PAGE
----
SERBIA: Violence continues against religious communities

Belgrade, Serbia - Few violent attacks against religious communities in Serbia – on individuals or religious property - ever result in any punishment, Forum 18 News Service notes. This continues the pattern of previous years. The latest Forum 18 survey of such attacks – covering September 2006 to September 2007 – seems to indicate that although fewer attacks are now taking place, the attacks themselves are becoming more violent. The apparent decline in the number of attacks continues a trend noted from September 2005 to September 2006. However, members of religious minorities are still especially likely to be attacked and have in the past year been beaten and stabbed. Places of worship of minority communities have been the victims of arson attacks.

The information in the survey may be incomplete, but has been gathered from as wide a range of sources as possible, including religious communities themselves, human rights groups, official information and the Serbian media.

One such source is the Novi Sad police, who told Forum 18 on 21 May 2007 that in 2006 it recorded 22 attacks on religious communities in their jurisdiction. But between January and April 2007 it recorded 16, a significant increase in the rate of attacks. This may reflect different ways of recording incidents or greater willingness by victims to report attacks. The attacks in the first four months of 2007 consisted of two on the Serbian Orthodox Church, five on Catholics, five on Adventists, as well as one each on a synagogue, a Baptist church, a Nazarene church and a Slovak Lutheran church. Figures for attacks between May and September 2007 are not available. Although most of the attacks in Novi Sad are smaller in scale and not as serious as those elsewhere in Serbia, they remain significant because of the town's multi-ethnic and multi-religious nature.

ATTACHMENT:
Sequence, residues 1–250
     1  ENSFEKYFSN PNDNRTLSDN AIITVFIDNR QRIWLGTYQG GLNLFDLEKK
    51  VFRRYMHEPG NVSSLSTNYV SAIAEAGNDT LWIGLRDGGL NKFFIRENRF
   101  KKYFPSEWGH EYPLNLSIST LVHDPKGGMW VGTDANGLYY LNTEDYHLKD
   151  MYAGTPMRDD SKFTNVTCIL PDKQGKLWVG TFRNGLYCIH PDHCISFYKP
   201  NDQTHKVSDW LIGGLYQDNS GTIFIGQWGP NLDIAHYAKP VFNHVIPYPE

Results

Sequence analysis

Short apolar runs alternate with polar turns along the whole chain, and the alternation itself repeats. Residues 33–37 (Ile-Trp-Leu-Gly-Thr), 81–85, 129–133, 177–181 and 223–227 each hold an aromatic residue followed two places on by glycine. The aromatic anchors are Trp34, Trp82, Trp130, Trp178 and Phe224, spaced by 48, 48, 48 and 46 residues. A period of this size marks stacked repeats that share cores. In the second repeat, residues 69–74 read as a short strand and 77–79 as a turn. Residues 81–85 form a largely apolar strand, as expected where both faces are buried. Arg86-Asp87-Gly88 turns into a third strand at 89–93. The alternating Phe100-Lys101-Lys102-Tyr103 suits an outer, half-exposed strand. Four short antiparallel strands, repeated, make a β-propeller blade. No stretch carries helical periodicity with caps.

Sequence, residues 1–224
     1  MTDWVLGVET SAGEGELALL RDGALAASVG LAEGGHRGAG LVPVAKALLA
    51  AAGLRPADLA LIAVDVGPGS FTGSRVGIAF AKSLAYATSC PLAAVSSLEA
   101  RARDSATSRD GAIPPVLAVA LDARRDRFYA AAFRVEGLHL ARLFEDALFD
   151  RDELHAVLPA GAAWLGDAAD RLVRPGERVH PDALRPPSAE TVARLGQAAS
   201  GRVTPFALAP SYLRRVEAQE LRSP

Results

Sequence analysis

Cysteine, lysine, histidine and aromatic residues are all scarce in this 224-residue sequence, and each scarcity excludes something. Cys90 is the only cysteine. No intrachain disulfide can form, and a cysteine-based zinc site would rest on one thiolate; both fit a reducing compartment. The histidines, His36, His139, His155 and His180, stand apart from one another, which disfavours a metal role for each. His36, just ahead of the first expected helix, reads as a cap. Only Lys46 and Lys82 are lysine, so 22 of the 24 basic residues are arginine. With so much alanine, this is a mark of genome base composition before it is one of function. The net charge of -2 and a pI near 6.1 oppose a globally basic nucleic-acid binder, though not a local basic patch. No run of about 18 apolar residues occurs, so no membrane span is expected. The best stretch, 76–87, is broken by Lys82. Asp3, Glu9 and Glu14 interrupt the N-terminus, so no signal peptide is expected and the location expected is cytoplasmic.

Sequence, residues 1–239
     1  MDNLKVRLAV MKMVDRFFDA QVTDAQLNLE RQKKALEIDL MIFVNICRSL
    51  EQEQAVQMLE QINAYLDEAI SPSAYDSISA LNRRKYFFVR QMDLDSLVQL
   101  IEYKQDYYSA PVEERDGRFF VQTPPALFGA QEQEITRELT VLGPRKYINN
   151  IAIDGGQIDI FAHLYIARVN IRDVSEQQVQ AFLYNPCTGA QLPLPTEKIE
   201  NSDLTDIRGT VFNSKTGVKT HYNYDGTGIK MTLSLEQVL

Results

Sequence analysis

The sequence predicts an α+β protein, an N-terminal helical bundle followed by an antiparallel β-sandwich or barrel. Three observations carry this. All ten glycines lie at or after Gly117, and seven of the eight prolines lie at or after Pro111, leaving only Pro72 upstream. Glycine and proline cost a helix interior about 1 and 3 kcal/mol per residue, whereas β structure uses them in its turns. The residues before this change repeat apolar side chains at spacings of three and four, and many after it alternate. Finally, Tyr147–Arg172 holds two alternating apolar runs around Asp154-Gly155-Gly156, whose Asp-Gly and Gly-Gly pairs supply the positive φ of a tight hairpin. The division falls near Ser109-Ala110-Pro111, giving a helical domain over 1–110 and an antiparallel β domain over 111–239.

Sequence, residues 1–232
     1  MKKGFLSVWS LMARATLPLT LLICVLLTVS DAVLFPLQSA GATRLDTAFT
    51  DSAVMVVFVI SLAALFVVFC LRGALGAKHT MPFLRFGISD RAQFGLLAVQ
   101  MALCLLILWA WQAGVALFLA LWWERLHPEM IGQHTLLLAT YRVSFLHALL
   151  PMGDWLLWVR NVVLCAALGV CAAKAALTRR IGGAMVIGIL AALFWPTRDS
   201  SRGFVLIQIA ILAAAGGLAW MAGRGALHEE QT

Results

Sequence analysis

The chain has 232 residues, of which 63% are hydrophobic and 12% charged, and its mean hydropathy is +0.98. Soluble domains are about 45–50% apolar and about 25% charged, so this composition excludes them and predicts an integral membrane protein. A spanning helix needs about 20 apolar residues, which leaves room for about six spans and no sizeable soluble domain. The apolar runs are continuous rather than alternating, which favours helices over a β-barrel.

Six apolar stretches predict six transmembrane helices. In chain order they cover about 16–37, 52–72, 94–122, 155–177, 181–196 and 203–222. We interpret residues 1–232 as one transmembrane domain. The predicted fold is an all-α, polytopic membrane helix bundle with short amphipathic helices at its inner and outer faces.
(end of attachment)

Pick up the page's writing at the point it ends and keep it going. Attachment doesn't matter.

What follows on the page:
Religious communities are sometimes reluctant to report attacks to the police or make them publicly known. There have been, for example, numerous attacks on the Christian Apostolic Church of the Nazarene, who generally do not report attacks publicly. Serbian Orthodox churches are often attacked by robbers, as are Catholic churches, though the Orthodox and Catholic Churches do not normally make each such attacks public.

The controversial new Religion Law categorised religious communities either as "traditional" or "non-traditional". Some within the smaller communities classified as "traditional" have told Forum 18 that they want to follow the lead of the Orthodox and Catholics in not often publicly discussing attacks. For example, Forum 18 knows of smaller "traditional" communities which have denied that they have been attacked when attacks have taken place. Because many officials and ordinary people describe "non-traditional" communities in a hostile way as "sects", Forum 18 notes that this makes those communities more likely to be attacked.

As in previous years, few of those who attack religious minorities are ever identified. Zivota Milanovic, the only Hare Krishna devotee in Jagodina, has been the victim of repeated stabbing attacks from July 2005 without the police taking any effective action to identify and punish the perpetrator. Forum 18 has learnt that nine months after the Evangelical church in Kraljevo and the Adventist church in Stapari were attacked with Molotov cocktails, police have still not found the attackers, despite calls on the police to do so by Serbia's President Boris Tadic.

Religious minorities have complained to Forum 18 that even when perpetrators are identified, charges – if any – are often minimal, especially if the attackers are young people. Police and the courts often respond that "the kids were drunk" and the attackers usually end up with just a small fine.

Police appear to be unwilling to protect members of religious minorities or religious sites at risk of attack – even if they have already been attacked. Muhamed Zukurlic, the Mufti of Sandzak and leader of Serbia's Muslim community, complained of five death threats between December 2006 and March 2007 which forced him to start using a private bodyguard – since the police did not find it necessary to offer protection. He made his remarks on a programme on the Belgrade television station B92, where he was a guest together with the then Religion Minister Milan Radulovic.

Places of worship of the Orthodox Church have occasionally been robbed, but the vast majority of attacks have been on Protestant, Catholic, Muslim, Jewish, Jehovah's Witness and other religious minority individuals and property.

For the full list of attacks see,